Meanwhile, the Federals continued pushing through the obstructions using “picks, spades, and wheelbarrows.” Smith insisted that the entire flotilla move together, rejecting Ross’s pleas to allow the ironclads to go ahead. This delayed the advance and gave the Confederates more time to build their defenses.
Two weeks after the Federals blew up the levee, Pemberton received a report from a Confederate naval lieutenant:
“The enemy have driven us off from the works on the Pass, and are coming through. Hasty obstructions with fortifications may save Yazoo City. I have done my best; worked under their noses, till their pickets came in 100 yards of me.”
Captain Isaac Brown, commanding Confederate naval forces at Yazoo City, also wrote Pemberton:
“I regret that we have so little time to make preparations, so little, in fact, that I cannot be answerable for what may happen, in other words, I can give no assurance that we shall be able to stop the enemy, as we cannot tell with what amount or description of force he is coming through. We will do all we can.”
Pemberton in turn wrote President Jefferson Davis:
“Many believe that the enemy will get through the Yazoo Pass, and I am informed that, by the use of steam saw-mills, three quarters of a mile of solid obstructions were removed in two days. I do not apprehend anything serious from this demonstration, still, if it be the enemy’s purpose to lay siege to Vicksburg, this is doubtless part of his plan to cut off our supplies, and would materially assist the investment of the place.”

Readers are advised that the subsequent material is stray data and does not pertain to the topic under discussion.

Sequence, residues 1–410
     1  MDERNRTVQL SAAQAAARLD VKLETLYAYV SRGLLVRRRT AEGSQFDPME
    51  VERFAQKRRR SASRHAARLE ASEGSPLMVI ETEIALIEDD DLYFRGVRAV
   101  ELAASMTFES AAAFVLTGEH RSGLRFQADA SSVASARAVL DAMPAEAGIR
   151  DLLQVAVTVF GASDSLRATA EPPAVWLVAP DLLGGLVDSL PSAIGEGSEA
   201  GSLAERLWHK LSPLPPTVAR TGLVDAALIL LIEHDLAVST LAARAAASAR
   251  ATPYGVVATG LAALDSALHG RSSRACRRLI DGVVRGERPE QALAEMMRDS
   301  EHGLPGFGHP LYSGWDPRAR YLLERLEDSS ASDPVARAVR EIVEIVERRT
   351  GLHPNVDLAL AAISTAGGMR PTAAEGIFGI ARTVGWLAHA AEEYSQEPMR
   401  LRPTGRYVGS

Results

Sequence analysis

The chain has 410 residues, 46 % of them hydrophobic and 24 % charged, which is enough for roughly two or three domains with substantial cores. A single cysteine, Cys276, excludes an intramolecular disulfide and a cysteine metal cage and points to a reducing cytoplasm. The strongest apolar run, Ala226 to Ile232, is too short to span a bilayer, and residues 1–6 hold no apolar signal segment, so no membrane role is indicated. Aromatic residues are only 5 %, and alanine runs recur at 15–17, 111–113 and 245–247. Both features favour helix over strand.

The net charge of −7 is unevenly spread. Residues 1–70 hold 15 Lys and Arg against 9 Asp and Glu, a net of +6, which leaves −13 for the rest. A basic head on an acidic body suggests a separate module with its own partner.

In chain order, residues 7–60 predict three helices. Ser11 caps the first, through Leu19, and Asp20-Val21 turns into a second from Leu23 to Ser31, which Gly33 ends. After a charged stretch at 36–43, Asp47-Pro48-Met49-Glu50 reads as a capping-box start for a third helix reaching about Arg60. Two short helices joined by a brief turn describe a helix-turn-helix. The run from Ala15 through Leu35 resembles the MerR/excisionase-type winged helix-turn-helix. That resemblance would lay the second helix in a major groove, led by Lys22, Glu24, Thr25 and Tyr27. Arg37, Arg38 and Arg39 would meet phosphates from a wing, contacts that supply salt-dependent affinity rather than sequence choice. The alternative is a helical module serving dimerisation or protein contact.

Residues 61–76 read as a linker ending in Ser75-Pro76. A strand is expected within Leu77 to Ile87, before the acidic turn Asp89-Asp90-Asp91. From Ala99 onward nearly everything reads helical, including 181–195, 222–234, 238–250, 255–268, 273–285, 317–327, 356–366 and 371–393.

Pemberton requested a “full supply of ammunition to be furnished for the defense of Vicksburg.” On the 23rd, Pemberton received word that the Federal flotilla had reached the Coldwater, en route to the Tallahatchie. He sent more troops to bolster Loring at Fort Pemberton. However, the Federals turned back when Colonel Wilson advised them to clear more obstructions before continuing forward. By the end of February, the Federals had finally cleared Yazoo Pass and entered the Coldwater River.
CivilWarDailyGazette.com; Denney, Robert E., The Civil War Years: A Day-by-Day Chronicle (New York: Gramercy Books, 1992 [1998 edition]), p. 259, 264; Foote, Shelby, The Civil War: A Narrative: Volume 2: Fredericksburg to Meridian (Vintage Civil War Library, Knopf Doubleday Publishing Group, Kindle Edition, 2011), p. 202; Fredriksen, John C., Civil War Almanac (New York: Checkmark Books, 2007), p. 260-62, 265-67; Grant, Ulysses S., Memoirs and Selected Letters: Personal Memoirs of U.S. Grant, Selected Letters 1839–1865 (New York: Library of America, 1990), p. 267; Korn, Jerry, War on the Mississippi: Grant’s Vicksburg Campaign (Alexandria, VA: Time-Life Books, 1983), p. 75-76; Long, E.B. with Long, Barbara, The Civil War Day by Day (New York: Da Capo Press, Inc., 1971), p. 321; Stanchak, John E., Historical Times Illustrated Encyclopedia of the Civil War (New York: Harper & Row, 1986, Patricia L. Faust ed.), p. 846